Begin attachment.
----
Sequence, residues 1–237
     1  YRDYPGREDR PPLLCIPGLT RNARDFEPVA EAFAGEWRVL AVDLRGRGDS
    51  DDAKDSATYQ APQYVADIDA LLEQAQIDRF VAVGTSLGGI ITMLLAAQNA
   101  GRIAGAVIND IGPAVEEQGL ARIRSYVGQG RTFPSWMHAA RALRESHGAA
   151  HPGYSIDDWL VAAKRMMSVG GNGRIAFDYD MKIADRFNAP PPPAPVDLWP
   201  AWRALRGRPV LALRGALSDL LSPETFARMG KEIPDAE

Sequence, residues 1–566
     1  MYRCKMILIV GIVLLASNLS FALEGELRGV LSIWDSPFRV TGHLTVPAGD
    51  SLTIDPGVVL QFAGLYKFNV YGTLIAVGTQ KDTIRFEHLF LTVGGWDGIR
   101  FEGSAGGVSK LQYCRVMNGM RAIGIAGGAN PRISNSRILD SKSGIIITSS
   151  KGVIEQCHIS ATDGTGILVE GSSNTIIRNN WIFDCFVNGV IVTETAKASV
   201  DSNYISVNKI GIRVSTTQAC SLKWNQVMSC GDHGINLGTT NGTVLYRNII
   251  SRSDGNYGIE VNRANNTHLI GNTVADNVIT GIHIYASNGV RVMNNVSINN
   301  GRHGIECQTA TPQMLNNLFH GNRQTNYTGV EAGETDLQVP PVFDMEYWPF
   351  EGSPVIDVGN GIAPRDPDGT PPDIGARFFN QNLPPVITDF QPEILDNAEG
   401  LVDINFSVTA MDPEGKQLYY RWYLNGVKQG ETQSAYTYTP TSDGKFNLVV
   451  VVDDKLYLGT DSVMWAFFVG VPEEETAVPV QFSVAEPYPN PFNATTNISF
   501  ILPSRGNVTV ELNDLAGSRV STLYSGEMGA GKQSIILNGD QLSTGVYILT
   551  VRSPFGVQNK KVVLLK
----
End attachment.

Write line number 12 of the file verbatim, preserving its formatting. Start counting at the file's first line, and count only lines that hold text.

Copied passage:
   201  DSNYISVNKI GIRVSTTQAC SLKWNQVMSC GDHGINLGTT NGTVLYRNII